The Supremacy of the Son of God

The Son is the image of the invisible God, the firstborn over all creation. For in him all things were created: things in heaven and on earth, visible and invisible, whether thrones or powers or rulers or authorities; all things have been created through him and for him. He is before all things, and in him all things hold together. And he is the head of the body, the church; he is the beginning and the firstborn from among the dead, so that in everything he might have the supremacy. For God was pleased to have all his fullness dwell in him, and through him to reconcile to himself all things, whether things on earth or things in heaven, by making peace through his blood, shed on the cross.
– Colossians 1 verses 15-20


Origins – Darwin vs the Bible 

A wise teacher spoke years ago about the debate between Atheists and Christians in their methods of examining how things came to be.

The Atheist says,
“I must understand, in order that I might believe.”

The Christian says,
“I must believe, in order that I might understand.”

This can seem a frustrating thing, but both the Atheist and the Christian always starts with some kind of faith assumption, or pre-supposition, from which to build understanding.
If we choose the Atheist’s way, we plod along waiting for each piece of the puzzle to make sense. In Darwin’s case, each new piece of evidence served to erode his theory of origins.
If we choose the Christian’s way, we are ushered into revelations of the deepest inner workings of things, like the passage above in St. Paul’s letter to the Christians at Colossai.
My message to the atheists is, continue your research by all means, but please consider the invitation of of the gospel to fast-track your understanding of things through faith in Jesus Christ, while continuing your research into the countless scientific details. In believing, you will be amazed at what you come to understand. It will require faith, but not without reason.

 
 

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Sunday Devotional: Making fishers of men in a time of declining church attendance

Mark 1:14-20

After John had been arrested,
Jesus came to Galilee proclaiming the gospel of God:
“This is the time of fulfillment.
The kingdom of God is at hand.
Repent, and believe in the gospel.”

As he passed by the Sea of Galilee,
he saw Simon and his brother Andrew casting their nets into the sea;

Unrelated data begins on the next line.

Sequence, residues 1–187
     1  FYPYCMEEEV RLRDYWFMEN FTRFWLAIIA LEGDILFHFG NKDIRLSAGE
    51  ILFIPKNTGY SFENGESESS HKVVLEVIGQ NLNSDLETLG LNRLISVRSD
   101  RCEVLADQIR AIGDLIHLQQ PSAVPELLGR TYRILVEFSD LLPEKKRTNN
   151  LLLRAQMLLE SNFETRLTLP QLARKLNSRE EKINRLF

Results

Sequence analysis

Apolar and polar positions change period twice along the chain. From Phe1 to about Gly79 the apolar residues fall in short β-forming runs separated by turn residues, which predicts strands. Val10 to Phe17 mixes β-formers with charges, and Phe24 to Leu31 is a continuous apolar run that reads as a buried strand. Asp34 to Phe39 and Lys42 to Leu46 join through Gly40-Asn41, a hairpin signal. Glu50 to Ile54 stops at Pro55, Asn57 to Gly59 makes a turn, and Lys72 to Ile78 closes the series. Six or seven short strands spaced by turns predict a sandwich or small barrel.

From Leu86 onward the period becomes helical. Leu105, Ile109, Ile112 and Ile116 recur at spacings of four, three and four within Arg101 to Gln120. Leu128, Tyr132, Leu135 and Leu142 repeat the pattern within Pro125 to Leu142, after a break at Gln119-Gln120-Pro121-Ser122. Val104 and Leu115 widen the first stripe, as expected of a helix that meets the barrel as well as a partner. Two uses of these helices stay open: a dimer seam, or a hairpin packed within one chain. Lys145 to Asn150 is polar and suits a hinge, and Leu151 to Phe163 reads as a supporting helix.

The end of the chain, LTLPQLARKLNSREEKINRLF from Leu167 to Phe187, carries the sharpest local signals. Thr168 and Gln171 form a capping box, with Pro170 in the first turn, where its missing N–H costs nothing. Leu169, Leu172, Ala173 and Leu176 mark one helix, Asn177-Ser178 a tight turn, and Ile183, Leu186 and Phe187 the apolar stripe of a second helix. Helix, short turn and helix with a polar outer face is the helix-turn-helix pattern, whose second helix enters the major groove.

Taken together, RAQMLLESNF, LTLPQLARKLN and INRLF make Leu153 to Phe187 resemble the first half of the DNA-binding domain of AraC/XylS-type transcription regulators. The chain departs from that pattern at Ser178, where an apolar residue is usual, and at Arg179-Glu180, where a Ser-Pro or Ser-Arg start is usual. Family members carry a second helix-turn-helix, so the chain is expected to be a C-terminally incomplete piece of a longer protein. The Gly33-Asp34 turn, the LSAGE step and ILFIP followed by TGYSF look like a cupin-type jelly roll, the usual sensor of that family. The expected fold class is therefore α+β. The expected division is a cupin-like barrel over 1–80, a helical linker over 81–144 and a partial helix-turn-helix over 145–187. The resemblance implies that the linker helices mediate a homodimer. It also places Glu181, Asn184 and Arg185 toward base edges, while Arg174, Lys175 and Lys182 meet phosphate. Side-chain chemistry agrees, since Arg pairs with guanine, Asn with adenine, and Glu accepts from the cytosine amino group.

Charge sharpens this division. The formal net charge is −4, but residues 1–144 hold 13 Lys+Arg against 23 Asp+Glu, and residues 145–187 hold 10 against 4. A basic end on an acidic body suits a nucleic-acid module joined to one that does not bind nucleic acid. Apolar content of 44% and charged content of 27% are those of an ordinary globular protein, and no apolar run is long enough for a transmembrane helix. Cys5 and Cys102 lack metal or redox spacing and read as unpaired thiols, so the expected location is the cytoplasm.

they were fishermen.
Jesus said to them,
“Come after me, and I will make you fishers of men.”
Then they abandoned their nets and followed him.
He walked along a little farther
and saw James, the son of Zebedee, and his brother John.
They too were in a boat mending their nets.
Then he called them.
So they left their father Zebedee in the boat
along with the hired men and followed him.


There are so many things left unsaid and unexplained in the Gospel accounts of Christ: Why are there no descriptions of what our Lord looked like? Why are the accounts of His childhood so sparse? The child Jesus’ life must have been fraught with danger, for surely King Herod did not stop trying to kill the remarkable infant who had inspired the three Magis to journey from afar with precious gifts for the baby born in a humble manger. And why was Jesus’ public ministry so brief, lasting but three years?
Knowing His time would be brief, Jesus began His public ministry by gathering a small group of followers — the Apostles — whom He deputized to be “fishers of men” who would continue His ministry and spread His word far and wide.
Though most of us are not priests, ministers and preachers, as believers we each had heeded His call and, as followers of Christ, are asked to spread the good word (which is what “gospel” means).
Our task is all the more urgent because the Light of Christ is dimming in America, one of the more religious countries in the world.
In a report for Breitbart, Jan. 3, 2018, Dr. Thomas D. Williams alerts us to a 2015 study by the Pew Research Center, which found that:

  • The United States has experienced an alarming dip in Christian religiosity over the last decade, whereas Islam, Hinduism, and “other religions” show no decline.
  • Mainline Christianity and Catholicism have fallen 3.4% and 3.1%, respectively.

While there are Christians who reject and dismiss organized Christianity, arguing that faith alone is suffice, without need of attending and belonging to a church, the plain fact is that we have decades of data that regular church attendance confers beneficial effects on both individuals and society. As John Stonestreet, president of the Colson Center for Christian Worldview, put it, the advantages of regular religious practice are so well documented that people would be foolish not to consider them.
Personal and societal benefits of regular church attendance include: